Melvin and then-girlfriend, Sia Yifen, during his university days some 17 years ago (left). She is now his wife.
To fund his studies, he gave tuition to 10 kids. “After attending class, I would take a bus – or a cab if I was late – to give tuition.”
He soon met the love of his life, and their plan was to marry, buy a home and start a family early. She was a friend from junior college with whom he had reconnected. They tied the knot at age 24.
He decided to put his studies on hold in favour of full-time work which would give him a stable income.
On the first day at training camp with the Singapore Prison Service, Melvin met a fellow prison officer, Adrian Lim, who would become a good friend and later business partner and brother-in-Christ.
Prison opens a new view
Melvin’s “world view” opened up while looking after inmates. There was discipline, accountability and the officers were also taught counselling skills.
“When you speak to inmates under your care, you learn about their stories, their family background,” he said.
Melvin (third from right) and Adrian (third from left) met on the first day of training at Singapore Prison Service.
The experience opened his eyes to people “in different demographics, different life stages” in Singapore, and helped him to be “less absorbed in small, day-to-day first world problems and choices – like what to eat today”.
During his three years in the Prison Service, he and his wife bought a HDB flat and had their first of four children. He worked by day and continued his studies by night.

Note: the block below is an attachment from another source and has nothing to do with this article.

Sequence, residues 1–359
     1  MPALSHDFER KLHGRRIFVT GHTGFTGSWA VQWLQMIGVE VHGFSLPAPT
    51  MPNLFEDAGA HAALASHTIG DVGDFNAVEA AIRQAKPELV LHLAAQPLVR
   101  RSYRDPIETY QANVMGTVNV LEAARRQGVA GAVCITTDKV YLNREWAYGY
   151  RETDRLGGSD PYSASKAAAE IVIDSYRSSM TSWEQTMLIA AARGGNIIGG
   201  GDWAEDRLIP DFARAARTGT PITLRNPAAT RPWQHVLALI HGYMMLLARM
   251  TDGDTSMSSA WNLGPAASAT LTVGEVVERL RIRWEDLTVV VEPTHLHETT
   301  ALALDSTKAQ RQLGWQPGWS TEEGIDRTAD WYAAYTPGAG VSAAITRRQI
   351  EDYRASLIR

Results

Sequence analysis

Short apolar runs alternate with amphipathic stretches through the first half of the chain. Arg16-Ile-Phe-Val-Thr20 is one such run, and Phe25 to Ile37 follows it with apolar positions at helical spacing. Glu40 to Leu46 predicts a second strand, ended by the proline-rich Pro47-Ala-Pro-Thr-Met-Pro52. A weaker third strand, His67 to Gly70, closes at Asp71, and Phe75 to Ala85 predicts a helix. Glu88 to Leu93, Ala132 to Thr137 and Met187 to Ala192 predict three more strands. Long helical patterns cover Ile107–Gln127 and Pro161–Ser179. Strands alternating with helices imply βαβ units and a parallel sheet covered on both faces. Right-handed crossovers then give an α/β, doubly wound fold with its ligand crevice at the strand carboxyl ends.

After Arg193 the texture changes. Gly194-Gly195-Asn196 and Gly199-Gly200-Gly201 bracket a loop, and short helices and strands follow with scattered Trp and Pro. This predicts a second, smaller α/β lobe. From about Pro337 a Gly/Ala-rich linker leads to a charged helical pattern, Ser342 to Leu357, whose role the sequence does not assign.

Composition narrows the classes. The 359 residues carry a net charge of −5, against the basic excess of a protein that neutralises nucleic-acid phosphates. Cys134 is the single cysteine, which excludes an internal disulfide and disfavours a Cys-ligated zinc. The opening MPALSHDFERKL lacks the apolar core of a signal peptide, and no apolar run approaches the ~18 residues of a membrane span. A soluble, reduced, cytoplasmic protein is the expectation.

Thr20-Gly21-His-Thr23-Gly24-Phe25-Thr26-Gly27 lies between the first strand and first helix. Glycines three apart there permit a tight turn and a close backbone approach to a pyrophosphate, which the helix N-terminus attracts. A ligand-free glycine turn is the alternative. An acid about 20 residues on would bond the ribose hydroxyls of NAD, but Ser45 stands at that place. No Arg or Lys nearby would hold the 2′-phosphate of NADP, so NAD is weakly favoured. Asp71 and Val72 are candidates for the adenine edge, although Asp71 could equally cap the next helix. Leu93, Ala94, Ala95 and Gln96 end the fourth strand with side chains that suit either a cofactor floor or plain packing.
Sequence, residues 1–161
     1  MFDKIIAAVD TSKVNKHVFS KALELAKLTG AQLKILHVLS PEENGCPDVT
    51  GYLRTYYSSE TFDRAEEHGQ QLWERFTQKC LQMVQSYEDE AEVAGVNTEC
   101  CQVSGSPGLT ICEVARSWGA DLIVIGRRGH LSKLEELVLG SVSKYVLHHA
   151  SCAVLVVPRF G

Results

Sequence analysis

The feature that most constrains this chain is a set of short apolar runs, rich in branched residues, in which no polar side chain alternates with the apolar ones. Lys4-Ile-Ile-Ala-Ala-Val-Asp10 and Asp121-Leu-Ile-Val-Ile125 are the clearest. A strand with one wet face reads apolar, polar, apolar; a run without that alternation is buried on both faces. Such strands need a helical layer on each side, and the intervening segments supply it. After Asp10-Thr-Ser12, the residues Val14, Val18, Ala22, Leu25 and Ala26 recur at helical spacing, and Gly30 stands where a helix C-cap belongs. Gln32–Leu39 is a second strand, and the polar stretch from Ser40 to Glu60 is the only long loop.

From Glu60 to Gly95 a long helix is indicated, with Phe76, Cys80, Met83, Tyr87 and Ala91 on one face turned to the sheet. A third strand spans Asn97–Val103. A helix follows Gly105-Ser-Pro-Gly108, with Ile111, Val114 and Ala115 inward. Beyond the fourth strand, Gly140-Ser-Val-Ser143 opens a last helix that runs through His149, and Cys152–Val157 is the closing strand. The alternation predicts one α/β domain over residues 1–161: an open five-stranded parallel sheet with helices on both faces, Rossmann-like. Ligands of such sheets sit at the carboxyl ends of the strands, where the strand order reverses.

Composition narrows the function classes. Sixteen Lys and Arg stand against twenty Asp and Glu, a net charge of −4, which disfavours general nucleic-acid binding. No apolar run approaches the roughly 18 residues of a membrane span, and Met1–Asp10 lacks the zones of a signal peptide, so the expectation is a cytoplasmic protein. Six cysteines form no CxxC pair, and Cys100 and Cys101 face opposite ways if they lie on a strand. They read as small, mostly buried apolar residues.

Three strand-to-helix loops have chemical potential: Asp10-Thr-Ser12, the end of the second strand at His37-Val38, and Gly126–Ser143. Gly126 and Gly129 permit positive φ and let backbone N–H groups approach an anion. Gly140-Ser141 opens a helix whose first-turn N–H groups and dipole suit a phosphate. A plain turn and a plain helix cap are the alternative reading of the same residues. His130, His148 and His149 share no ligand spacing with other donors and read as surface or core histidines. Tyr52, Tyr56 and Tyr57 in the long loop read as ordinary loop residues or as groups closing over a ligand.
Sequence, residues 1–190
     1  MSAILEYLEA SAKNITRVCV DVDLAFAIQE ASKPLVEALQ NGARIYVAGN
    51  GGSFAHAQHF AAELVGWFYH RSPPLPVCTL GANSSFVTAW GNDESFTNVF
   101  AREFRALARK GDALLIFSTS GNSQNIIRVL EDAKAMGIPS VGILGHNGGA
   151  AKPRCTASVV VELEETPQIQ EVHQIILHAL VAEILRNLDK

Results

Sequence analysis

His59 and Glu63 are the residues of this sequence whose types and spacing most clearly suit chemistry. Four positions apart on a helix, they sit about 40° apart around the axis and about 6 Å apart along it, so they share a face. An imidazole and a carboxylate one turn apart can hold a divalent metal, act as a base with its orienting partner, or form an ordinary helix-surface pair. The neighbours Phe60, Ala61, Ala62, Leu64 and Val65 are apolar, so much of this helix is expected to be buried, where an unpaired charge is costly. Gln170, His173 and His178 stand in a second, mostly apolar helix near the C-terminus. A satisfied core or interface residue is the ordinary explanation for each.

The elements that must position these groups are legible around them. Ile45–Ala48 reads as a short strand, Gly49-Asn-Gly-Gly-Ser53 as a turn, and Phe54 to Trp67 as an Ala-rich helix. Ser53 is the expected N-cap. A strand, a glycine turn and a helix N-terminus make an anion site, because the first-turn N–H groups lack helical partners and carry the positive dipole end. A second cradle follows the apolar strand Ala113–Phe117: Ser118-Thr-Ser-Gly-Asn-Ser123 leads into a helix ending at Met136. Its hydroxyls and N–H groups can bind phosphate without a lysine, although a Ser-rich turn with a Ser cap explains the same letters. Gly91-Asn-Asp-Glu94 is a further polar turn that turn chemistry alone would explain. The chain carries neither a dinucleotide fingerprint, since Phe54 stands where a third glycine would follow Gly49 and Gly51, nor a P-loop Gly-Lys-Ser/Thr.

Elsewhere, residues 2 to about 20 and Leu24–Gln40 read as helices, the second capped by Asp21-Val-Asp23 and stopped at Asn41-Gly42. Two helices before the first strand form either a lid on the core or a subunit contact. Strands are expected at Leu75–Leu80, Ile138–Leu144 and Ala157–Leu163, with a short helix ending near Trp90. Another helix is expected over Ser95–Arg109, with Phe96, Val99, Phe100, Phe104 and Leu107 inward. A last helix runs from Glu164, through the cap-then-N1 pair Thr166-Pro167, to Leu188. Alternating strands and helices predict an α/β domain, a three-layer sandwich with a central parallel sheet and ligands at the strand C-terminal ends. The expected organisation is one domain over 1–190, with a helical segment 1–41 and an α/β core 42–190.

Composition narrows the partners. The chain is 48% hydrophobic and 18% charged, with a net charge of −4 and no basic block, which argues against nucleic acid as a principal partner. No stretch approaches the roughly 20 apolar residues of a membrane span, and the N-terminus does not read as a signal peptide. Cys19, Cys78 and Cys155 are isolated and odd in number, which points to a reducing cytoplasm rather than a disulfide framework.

After earning his Bachelor of Science in banking and finance at the Singapore Institute of Management, he was offered a more senior role in the Prison Service.
But stories of real estate agents earning five-figures a month (versus his pay of $2,500), plus his talent in sales, drew him to the property industry.
Afraid to answer his phone
Making the decision to leave his job (which paid a fixed income) for the risky commission-based one was a scary choice.
“My parents were saying, ‘You’ve got a stable job, you’ve got a child, a home, why do you want to restart the whole process?’”
He remembered a conversation with a senior officer, who asked him: “When you are older, would you regret not trying?”
Saving up six months worth of expenses he would need as a real estate agent, Melvin resigned in 2007 and joined the property business around the same time as Adrian.
Other than joining forces with Adrian who had a little experience in the industry, there was no training available for new agents at that time.
Within a few years, Melvin found himself burning out.
“There was a period I was so fearful of answering my phone.”
“As a real estate agent, your phone rings 24/7.”
He had been working 16 hours a day, and his wife was not happy. He felt guilty that he did not see much of their children.
“I was always striving for the next commission, to close the next deal,” said Melvin, who bought himself expensive watches and a luxury car.
“From childhood, I always wanted to prove to people that I have value.”
“I had an inner vow that I can make it in life. I wanted to be the top producer every month.
“I felt very lost in the sense that I didn’t know what I was working for. I found life quite meaningless.”